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High Availability Clustering and SQL SERVER 2008 Expand / Collapse
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Posted Thursday, January 2, 2014 2:37 AM
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We have been implementing High Availability Clustering
which includes
disk mirroring (data mirroring)
hybrid clustering (using storage device)

Till now we are not using system databases(like master) in a HA cluster environment.
so my question is:
Is it good practice to use/synchronize/mirror SQL SERVER 2005/2008/2012 master database (system database) in High Availability Fail-over Cluster.

Thanks in Advance
Post #1527012
Posted Thursday, January 2, 2014 4:33 AM


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are you referring to database mirroring?
You cannot mirror system databases. If you have installed a failover clustered instance of sql server, the system databases will be on shared drives that either node may access once it claims the cluster resources.


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Post #1527035
Posted Thursday, January 2, 2014 9:56 PM
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Thanks Perry Whittle
You mean to say we put all the system databases (like master, msdb, temdb etc)
on a shared disk and these databases are common to both the nodes.
Active node will claim these databases on a shared disk right?
Post #1527345
Posted Friday, January 3, 2014 12:56 AM


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darklight_arizona (1/2/2014)
Thanks Perry Whittle
You mean to say we put all the system databases (like master, msdb, temdb etc)
on a shared disk and these databases are common to both the nodes.
Active node will claim these databases on a shared disk right?

No, youre missing the point!
If you had truly deployed a windows high availability cluster and installed a failover clustered instance of sql, the system databases would also be on shared storage.

Your description above is unclear, you start by stating you have implemented a cluster but then state you are not using sql clustered Instance,


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Post #1527368
Posted Friday, January 3, 2014 2:23 AM
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We aint using Windows Clustering its the disaster recovery solution (High Availability)
where common shared disk (e.g. SAN) are used for High Availability(same location) and the shared disk is then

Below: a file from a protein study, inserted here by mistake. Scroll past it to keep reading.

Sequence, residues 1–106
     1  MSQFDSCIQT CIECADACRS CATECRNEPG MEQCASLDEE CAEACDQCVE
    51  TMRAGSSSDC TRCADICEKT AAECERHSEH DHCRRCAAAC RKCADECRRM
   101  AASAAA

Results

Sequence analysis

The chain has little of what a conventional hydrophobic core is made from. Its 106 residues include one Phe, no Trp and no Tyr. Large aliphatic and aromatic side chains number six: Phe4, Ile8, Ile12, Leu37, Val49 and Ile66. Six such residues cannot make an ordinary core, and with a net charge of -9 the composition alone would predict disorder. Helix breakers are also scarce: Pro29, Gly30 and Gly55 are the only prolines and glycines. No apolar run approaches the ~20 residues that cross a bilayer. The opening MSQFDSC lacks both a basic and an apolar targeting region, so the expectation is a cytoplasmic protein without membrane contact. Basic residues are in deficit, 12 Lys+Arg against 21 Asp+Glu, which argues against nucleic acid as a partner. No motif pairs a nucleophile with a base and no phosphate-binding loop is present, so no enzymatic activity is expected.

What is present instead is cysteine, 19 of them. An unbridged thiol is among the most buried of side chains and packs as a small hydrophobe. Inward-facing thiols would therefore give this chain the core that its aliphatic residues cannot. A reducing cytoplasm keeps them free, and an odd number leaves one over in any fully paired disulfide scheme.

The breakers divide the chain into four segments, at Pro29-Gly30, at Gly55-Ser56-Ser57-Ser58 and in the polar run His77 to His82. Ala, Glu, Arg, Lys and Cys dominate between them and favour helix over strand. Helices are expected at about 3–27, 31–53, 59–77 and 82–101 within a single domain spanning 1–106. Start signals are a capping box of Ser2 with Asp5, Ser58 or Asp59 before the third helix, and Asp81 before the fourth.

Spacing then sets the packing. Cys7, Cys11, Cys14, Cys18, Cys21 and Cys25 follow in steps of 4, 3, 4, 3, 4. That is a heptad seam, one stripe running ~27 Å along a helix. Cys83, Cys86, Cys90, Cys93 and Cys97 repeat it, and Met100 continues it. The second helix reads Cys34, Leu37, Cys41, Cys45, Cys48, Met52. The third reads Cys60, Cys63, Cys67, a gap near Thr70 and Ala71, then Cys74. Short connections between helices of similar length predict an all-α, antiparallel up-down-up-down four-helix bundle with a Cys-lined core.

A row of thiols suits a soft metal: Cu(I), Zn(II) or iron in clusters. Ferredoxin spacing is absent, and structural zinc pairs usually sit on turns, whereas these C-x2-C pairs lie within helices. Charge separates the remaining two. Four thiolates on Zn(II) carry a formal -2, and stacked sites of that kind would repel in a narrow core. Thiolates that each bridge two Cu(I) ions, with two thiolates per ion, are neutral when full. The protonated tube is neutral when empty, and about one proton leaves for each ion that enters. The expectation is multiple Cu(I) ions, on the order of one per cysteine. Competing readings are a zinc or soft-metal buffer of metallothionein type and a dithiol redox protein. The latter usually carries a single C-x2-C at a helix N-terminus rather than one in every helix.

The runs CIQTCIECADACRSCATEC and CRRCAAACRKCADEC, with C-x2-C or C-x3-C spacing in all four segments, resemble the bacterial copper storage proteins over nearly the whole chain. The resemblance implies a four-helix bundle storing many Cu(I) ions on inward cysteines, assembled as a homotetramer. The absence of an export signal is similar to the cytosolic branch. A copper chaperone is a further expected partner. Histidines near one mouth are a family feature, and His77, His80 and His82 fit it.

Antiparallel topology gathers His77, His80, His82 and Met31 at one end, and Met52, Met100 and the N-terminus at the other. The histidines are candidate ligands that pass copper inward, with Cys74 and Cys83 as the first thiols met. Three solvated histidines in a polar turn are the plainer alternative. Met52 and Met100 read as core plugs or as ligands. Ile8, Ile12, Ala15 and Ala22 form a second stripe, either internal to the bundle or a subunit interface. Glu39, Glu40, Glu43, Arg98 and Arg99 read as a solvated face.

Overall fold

synchronize with other Dr-site server (located at different location).

All the databases data files and log files are in common disk (Shared disk) For e.g D: drive where both the nodes
will access the drive when it is active and that drive is then synchronized with another nodes for Dr-site.
Here you can say that its the data mirroring. But we can fail over the cluster as well fail back if one of the
node is down. My only question should we put system databases to D: drive as well and synchronize
to Dr-Site.

Thanks once again.
Post #1527394
Posted Friday, January 3, 2014 2:33 AM


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So you're replicating the database storage drives at the storage level, no HA on the Windows or SQL level, correct?

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Post #1527400
Posted Friday, January 3, 2014 2:43 AM
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Its High Availability Cluster software solution, as it can detect hardware/software faults, and immediately restarting the application on another system without requiring administrative intervention, a process known as fail-over.
We can put number of servers in a cluster and fail-over with a minimum of down time.

You can say its a data mirroring between clustered servers which supports shared disk type clustering.

Thanks
Post #1527405
Posted Friday, January 3, 2014 3:19 AM


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similar to HP Polyserve then by the sound of it.

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Post #1527421
Posted Friday, January 3, 2014 8:33 AM
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Master and resource contain details of the patch level relating to the SQL Server program files and other instance-unique details.

If you did have a shared master, then you are locking both servers to the same patch level from that point forward. You cannot patch a SQL instance without having master online, and you cannot expect a SQL instance to work correctly if the program files and master db are at different patch levels. So, if you did share the master db you could never apply a service pack or a CU or a hotfix to any of the instances that use the shared master (always assuming that this configuration would work in the first place!).

You need to have instance-unique versions of master, model, resource and tempdb. One benefit of this is that all SQL instances could be up and running, but only one would have the active database files online to it. You can then run other instance-specific work (if you have any) and patch the 'offline' instances completely independently of which instance has the active databases.

In my old place (pre 2007) we used Double-Take to replicate our user databases between London and New York. One site had the databases online, while the other site had these offline. We used a DNS alias to point to the active instance, so that application connection strings could remain constant. Our failover process stopped the replication, switched which databases were online and offline, switched the DNS alias, restarted replication, and ran a few automated tests. Each month we swapped which site was live, so that we always knew that our DR process would work.


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